U.S. wheat futures rose for a second session on Wednesday, underpinned by forecasts of rain in the U.S. Plains grain belt which could potentially damage crops in the key production region.
Soybeans rose on renewed worries about the impact of recent rain damage to Argentina's crop now being harvested. Corn was up on spillover support from the wheat and soybean markets.
Chicago Board of Trade most-active July wheat was up 0.5 percent to $4.66-1/2 a bushel at 0955 GMT. The July contract touched its lowest since May 12 at $4.57-3/4 a bushel on Tuesday before rebounding.
Most active July soybeans rose 0.7 percent to $10.63 a bushel and most active July corn was 0.3 percent higher at $3.98-3/4 a bushel. "We have something of a weather market today," said Frank Rijkers, agrifood economist at ABN AMRO Bank.
"Wheat is being supported by concern about rain in parts of the United States which threatens to damage the wheat crop at this stage of its growth."
Showers in the U.S. Plains winter wheat belt will diminish in the southwest during the rest of the week allowing some improvement in harvest conditions, but south eastern areas remain unfavorably wet, the Commodity Weather Group said.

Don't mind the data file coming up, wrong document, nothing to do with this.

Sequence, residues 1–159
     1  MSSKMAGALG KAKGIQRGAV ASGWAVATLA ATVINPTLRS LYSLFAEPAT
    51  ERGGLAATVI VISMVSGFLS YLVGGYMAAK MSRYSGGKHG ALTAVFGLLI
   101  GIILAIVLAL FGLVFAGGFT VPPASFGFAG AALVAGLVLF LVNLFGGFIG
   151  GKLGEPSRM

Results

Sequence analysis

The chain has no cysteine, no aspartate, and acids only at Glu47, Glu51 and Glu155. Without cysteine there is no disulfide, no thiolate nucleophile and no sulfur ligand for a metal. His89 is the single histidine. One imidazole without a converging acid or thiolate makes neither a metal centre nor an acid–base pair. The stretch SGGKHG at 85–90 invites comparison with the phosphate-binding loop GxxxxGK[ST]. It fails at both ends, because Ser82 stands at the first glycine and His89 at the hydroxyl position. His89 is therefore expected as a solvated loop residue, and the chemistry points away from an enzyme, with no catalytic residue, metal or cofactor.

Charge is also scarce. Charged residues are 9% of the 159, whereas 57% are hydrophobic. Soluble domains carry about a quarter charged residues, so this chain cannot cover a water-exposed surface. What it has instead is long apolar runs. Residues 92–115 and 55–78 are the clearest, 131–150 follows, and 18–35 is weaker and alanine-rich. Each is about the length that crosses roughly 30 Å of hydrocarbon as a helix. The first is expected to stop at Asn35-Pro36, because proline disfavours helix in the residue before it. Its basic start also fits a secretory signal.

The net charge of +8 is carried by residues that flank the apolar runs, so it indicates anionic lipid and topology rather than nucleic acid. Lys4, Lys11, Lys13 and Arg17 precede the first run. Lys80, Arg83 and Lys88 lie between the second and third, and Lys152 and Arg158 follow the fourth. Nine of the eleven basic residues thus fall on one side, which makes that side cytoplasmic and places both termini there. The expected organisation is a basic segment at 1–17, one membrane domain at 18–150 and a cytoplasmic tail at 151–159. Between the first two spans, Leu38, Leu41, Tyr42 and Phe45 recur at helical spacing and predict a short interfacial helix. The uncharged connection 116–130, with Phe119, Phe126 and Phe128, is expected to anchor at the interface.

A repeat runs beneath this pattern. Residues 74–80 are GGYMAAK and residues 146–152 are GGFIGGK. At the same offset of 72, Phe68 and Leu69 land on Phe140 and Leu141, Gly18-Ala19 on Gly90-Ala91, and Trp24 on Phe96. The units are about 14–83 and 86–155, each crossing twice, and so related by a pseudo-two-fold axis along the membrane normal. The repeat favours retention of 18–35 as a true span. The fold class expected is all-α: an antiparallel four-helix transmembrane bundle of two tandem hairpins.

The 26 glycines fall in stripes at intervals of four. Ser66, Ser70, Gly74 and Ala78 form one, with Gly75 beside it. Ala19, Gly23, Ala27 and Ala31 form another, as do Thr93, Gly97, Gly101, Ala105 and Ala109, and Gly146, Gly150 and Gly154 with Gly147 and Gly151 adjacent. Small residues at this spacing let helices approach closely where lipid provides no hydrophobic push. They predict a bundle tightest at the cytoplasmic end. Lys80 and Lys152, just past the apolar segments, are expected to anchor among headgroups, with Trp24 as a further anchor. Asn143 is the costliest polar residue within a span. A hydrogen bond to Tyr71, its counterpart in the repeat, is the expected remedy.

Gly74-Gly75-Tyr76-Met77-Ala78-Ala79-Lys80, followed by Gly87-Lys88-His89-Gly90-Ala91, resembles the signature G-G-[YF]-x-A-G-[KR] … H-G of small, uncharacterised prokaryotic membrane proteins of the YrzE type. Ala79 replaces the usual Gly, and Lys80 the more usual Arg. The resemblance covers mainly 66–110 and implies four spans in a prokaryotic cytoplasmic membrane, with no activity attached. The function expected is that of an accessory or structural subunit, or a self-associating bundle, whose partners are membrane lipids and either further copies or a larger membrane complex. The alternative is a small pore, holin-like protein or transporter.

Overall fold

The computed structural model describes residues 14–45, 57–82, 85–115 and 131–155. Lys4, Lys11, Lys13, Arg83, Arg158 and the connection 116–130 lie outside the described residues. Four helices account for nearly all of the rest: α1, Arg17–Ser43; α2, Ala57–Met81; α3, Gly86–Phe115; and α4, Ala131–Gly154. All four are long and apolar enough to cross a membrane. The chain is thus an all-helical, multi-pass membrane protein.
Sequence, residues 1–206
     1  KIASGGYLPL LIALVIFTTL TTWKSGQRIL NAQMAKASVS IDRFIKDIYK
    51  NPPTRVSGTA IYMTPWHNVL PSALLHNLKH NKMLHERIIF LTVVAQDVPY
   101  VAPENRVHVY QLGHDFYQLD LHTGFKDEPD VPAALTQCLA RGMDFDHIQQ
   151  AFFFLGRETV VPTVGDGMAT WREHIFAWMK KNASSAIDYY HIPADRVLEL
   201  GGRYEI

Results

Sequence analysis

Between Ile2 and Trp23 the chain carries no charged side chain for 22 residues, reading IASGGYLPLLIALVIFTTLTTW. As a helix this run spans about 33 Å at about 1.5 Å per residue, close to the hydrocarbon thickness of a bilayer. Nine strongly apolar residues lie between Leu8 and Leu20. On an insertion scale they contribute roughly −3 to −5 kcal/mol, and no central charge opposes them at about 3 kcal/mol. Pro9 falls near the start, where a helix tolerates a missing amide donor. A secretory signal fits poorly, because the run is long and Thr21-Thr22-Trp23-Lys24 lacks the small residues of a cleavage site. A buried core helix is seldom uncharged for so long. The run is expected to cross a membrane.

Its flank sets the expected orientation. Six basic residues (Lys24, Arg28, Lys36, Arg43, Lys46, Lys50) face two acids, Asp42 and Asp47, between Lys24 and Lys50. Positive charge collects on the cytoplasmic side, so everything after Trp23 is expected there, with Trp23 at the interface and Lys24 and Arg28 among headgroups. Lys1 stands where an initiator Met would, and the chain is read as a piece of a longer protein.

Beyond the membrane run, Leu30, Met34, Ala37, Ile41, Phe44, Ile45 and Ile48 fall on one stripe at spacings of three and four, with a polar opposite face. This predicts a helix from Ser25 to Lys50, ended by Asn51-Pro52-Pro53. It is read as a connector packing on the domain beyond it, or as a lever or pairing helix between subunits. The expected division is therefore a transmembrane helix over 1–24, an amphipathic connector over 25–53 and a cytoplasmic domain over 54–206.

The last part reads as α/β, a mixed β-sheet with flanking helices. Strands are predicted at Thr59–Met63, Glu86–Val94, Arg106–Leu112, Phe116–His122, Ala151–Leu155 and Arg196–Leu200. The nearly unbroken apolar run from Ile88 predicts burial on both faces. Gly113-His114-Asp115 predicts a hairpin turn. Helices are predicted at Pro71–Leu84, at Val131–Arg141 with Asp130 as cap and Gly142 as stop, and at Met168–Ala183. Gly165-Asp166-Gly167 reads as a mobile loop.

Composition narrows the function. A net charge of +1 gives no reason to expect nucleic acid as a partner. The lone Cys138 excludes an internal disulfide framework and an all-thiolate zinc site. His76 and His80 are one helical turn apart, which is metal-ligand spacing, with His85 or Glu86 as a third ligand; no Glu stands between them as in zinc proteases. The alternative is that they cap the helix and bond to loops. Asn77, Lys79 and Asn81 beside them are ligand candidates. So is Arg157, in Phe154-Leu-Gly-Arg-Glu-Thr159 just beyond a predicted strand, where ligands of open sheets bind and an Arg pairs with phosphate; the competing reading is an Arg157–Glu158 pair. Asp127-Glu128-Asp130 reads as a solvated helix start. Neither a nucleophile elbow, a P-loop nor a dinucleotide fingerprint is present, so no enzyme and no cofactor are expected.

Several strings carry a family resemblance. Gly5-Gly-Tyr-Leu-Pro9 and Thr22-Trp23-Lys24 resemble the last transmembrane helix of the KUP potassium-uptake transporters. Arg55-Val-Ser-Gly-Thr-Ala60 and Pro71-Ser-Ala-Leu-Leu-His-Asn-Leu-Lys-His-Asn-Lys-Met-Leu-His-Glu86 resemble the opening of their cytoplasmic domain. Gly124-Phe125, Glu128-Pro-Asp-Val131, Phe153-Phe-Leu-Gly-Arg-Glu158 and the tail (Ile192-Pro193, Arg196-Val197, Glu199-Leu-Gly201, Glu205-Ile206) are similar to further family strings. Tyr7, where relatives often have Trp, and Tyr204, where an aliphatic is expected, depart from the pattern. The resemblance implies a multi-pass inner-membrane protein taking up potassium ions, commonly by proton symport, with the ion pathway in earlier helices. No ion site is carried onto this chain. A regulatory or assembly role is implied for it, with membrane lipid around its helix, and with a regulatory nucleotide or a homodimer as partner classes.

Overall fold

The rain comes at a time when U.S. crop development has been broadly favorable.
The U.S. Department of Agriculture (USDA) rated 62 percent of the U.S. hard red winter wheat crop in good to excellent condition compared with 45 percent at this time last year, the agency said in a weekly progress report on Tuesday.
"Soybeans are being supported by concern about recent damage to Argentina's crop which could reduce its exports, especially of soymeal," Rijkers said. "Corn is being pulled up by the general market strength without specific new factors today."
"Soybeans are also seeing some short covering after recent price falls. The market is hoping for more information about the impact in the export sector of the rain damage to Argentina's harvest losses."
Argentine soybean exports could fall by as much as 25 percent this year after severe rains earlier in the year left many fields underwater, damaging oilseed quality.
In April, floods inundated key farm areas of Argentina, the world's third-biggest exporter of unprocessed soybeans and largest exporter of soymeal, prompting Argentina's Rosario grains exchange to cut its forecast for the current soybean harvest to 55 million tonnes from a previous forecast of 59 million tonnes.